Earlier I mentioned the voters in New Brunswick Southwest. During the campaign the Conservatives promised to end the long gun registry. When asked what would happen to the data, I replied it would be deleted. After all, the data is the registry. One cannot credibly claim to oppose the registry yet quietly turn around and keep the information. This would make our pledge meaningless. We will instead preserve the privacy of these Canadians and end this failed debacle once and for all. I am pleased to say that the bill requires the elimination of all records related to the registry of non-restricted firearms contained within the Canadian firearms registry.

The proposed legislation is long overdue. It promises to eliminate a wasteful, ineffective long gun registry that penalizes law-abiding citizens and it will do so without weakening gun control. Instead, we can spend the millions we save each year on crime prevention programs that will truly help make our communities safer.

In short, the bill would replace waste and ineffectiveness with efficiency and value for money. For all these reasons, I urge members of the House to join me and countless Canadian taxpayers in supporting this bill.

New Brunswick Southwest October 19th, 2011

Mr. Speaker, it is a great privilege to address the chamber. I will endeavour to honour and respect it throughout my time in this place. My congratulations to you, young sir, on your election as Speaker, and to all hon. colleagues.

I am proud to serve with the Prime Minister, whose achievements have recently earned him the trust of Canadians.

I am both grateful and humbled to have received the confidence of the people of New Brunswick Southwest and will devote my time here to advancing their interests. In that pursuit, I have a great example to guide me.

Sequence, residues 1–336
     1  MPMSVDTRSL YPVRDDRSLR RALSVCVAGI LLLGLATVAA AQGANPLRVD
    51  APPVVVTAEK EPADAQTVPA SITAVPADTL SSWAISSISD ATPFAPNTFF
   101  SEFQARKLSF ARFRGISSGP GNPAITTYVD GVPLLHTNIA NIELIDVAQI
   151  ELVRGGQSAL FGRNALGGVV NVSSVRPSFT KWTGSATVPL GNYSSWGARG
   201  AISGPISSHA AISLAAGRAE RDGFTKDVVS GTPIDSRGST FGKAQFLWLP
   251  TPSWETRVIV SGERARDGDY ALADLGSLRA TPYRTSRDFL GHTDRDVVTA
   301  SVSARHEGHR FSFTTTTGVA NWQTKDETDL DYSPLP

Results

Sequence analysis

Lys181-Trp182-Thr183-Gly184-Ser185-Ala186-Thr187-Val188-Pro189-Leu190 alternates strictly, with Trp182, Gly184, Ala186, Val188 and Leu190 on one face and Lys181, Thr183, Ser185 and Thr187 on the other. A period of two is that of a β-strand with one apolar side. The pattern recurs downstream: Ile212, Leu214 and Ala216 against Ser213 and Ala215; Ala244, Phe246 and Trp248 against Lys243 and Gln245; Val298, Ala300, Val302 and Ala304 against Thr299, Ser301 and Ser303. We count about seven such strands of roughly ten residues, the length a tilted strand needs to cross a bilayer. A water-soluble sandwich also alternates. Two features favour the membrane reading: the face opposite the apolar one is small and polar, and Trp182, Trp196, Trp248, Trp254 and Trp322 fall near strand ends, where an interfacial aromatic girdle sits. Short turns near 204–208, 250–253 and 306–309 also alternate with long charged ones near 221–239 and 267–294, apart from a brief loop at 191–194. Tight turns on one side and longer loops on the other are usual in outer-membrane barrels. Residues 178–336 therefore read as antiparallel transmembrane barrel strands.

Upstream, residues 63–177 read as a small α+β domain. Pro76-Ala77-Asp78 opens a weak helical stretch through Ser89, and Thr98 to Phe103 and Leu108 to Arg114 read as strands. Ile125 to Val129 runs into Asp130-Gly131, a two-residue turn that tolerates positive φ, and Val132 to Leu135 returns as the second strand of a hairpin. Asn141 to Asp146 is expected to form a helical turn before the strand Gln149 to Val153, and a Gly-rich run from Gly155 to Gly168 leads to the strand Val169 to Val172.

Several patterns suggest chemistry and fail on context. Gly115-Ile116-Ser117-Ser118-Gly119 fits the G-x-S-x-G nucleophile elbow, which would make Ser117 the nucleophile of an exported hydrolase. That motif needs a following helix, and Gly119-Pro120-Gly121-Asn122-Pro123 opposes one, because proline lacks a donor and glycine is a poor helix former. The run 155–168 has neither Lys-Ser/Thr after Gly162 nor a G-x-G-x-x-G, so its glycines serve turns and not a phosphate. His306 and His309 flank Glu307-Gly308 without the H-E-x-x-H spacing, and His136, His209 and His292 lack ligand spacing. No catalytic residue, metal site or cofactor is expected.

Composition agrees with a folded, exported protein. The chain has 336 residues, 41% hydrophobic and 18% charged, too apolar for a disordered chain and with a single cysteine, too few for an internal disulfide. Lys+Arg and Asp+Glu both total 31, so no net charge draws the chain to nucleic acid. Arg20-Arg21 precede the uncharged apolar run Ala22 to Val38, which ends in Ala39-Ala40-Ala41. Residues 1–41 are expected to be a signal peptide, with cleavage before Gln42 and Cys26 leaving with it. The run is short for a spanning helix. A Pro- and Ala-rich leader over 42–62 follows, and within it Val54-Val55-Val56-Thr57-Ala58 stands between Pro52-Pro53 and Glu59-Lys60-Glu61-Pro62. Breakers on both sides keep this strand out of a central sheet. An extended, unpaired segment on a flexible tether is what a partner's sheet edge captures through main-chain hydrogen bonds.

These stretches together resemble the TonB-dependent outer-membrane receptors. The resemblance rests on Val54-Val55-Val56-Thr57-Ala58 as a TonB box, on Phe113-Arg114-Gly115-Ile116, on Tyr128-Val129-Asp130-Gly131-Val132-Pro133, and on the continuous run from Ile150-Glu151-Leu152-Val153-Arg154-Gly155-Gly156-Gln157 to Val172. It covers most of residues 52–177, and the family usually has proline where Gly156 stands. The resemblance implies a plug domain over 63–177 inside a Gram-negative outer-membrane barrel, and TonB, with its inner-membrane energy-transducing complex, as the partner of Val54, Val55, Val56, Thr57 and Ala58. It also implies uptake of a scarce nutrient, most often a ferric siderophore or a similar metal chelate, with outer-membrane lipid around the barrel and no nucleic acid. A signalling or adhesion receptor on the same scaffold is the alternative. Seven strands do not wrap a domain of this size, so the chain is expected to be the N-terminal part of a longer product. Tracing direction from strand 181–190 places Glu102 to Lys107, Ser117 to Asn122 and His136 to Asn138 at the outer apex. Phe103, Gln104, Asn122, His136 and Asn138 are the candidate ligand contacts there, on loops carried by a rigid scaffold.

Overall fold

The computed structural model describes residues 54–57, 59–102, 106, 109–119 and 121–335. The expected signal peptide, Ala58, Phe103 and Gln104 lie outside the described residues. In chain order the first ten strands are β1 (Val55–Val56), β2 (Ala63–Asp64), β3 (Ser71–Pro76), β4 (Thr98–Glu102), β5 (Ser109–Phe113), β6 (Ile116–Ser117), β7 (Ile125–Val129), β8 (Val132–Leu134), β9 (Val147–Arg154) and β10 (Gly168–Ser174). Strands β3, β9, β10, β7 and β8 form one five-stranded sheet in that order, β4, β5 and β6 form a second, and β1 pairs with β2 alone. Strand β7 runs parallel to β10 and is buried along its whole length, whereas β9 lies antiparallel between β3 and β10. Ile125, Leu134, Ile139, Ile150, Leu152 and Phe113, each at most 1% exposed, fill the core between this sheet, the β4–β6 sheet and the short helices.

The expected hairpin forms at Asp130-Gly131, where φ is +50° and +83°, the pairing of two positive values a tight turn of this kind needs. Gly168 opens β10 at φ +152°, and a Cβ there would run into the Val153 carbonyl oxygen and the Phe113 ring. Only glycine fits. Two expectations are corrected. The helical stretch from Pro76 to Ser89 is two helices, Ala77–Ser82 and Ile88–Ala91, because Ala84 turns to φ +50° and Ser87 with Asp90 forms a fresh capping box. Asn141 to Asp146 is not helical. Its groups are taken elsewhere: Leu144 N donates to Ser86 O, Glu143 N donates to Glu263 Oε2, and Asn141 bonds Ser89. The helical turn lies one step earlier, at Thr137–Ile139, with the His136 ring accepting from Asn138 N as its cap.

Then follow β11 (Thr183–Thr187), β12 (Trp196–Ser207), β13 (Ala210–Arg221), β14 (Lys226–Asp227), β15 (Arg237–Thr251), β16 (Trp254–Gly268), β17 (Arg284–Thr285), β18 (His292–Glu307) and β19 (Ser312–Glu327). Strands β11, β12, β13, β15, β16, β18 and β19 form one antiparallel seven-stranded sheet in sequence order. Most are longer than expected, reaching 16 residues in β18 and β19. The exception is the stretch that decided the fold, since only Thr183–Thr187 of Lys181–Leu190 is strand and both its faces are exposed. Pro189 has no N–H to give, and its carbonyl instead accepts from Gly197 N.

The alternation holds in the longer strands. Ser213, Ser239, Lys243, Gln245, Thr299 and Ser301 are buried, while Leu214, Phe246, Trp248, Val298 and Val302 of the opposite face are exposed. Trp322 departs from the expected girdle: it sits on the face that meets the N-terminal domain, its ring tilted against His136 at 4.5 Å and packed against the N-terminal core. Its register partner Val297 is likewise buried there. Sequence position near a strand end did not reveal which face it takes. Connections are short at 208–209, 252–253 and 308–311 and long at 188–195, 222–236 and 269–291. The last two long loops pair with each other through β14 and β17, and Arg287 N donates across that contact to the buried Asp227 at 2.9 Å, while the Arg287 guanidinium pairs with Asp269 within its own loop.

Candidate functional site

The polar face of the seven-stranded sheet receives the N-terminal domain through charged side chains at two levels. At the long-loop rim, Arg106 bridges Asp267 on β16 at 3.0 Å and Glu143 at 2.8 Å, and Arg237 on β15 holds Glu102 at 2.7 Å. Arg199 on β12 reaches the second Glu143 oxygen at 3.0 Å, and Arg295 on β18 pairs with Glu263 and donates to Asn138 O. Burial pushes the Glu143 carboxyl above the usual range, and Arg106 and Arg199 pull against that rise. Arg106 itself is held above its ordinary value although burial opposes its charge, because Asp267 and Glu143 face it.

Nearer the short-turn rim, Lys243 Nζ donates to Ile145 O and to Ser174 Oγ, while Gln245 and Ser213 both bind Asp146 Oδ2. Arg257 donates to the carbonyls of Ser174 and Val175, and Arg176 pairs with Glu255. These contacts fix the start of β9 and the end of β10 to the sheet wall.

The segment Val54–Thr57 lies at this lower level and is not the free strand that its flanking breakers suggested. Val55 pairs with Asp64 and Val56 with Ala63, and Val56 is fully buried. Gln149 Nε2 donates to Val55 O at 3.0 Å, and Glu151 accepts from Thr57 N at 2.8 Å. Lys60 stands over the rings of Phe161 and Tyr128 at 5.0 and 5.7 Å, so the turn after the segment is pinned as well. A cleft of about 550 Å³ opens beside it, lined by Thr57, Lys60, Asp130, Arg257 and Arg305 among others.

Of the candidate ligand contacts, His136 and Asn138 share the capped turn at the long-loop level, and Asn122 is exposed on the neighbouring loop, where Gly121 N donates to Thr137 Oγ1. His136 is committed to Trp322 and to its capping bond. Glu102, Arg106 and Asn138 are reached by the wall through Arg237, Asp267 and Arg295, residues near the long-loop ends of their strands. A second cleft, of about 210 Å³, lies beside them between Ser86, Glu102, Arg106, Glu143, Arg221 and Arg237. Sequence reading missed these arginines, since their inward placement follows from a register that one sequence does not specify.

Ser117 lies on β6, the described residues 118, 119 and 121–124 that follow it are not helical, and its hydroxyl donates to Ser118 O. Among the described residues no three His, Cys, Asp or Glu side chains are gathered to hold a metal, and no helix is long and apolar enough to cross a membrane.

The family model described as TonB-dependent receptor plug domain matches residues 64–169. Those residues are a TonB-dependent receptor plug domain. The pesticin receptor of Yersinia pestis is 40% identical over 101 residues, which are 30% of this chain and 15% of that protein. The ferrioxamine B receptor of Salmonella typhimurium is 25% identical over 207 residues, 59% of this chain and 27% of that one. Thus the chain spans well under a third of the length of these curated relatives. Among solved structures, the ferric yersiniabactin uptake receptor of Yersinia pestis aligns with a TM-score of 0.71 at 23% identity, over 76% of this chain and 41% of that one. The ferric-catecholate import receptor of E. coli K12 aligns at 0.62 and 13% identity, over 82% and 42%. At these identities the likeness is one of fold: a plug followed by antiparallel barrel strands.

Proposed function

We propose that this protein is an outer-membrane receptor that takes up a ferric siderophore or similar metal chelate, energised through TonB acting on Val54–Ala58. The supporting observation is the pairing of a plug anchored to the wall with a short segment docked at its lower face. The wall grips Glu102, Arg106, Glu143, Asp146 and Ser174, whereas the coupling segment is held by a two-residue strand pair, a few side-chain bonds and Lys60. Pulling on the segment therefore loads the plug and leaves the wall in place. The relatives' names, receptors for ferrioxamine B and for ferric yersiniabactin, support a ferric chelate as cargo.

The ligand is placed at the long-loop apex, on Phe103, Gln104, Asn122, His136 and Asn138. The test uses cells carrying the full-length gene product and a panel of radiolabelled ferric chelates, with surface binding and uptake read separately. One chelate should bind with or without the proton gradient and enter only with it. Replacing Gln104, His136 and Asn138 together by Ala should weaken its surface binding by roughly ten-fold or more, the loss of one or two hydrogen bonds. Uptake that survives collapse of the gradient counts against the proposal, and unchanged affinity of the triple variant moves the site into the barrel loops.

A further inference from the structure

My predecessor, the honourable Greg Thompson, was a credit to our noble calling. His relentless efforts on behalf of the people of New Brunswick Southwest achieved real results for my constituency, my province and my country.

A tribute dinner will take place for Greg on Saturday, October 22 at the Algonquin Hotel in Saint Andrew's, New Brunswick, where Greg and his wife will be honoured for their many years of public service.

Keeping Canada's Economy and Jobs Growing Act October 17th, 2011

Mr. Speaker, we hear a lot these days about taxing the rich and making the rich pay, and the member touched on that in his speech. I would like to point out that there is a lot talk about tax credits that are offered to people who actually do not pay tax.

In light of the fact that the top 10% of income earners in our country, which begins at $80,000, pays 57% of all income taxes, the top 25% of income earners, which begins at $50,000, pays 82% of all federal income receipts, does the member believe that when tax cuts or tax relief is offered, it should go primarily to people who actually pay taxes, as opposed to being handed out to people who do not pay taxes in the form of spending?

Keeping Canada's Economy and Jobs Growing Act October 17th, 2011

Mr. Speaker, over the last five years, our government, particularly on the personal income tax side, has used a number of tax credits and incentives to encourage certain activities. The example of our volunteer firefighters tax credit is a perfect one, whereby we are trying to ensure that these organizations continue to exist throughout the country, thereby saving government money from having to fill in were these volunteers to suddenly disappear.

Similarly, we have seen other measures on trades people, for example, to lower their taxes in their day-to-day pursuit of jobs and opportunities.

We must not forget that when it comes to business taxes, we have actually picked up on reforms that were begun by the Liberal government, which is to keep putting the business tax down to 15%, a broad tax that favours all businesses in this country and encourages them to come here and create jobs.

Keeping Canada's Economy and Jobs Growing Act October 17th, 2011

Mr. Speaker, that is an excellent point. No political party and no government has a monopoly on good ideas. If opposition parties want to propose them, we will certainly listen to them.

I wrote a piece in the past that credited both Preston Manning and Jean Chrétien for the good state the country's finances were in. I credited Preston Manning in opposition for putting the heat on the government of the day under Mr. Chrétien and Mr. Chrétien for enacting the ideas.

Why the opposition today would want to raise taxes and spend wildly, I do not know. I think that explains in part why the third party today is no longer the government.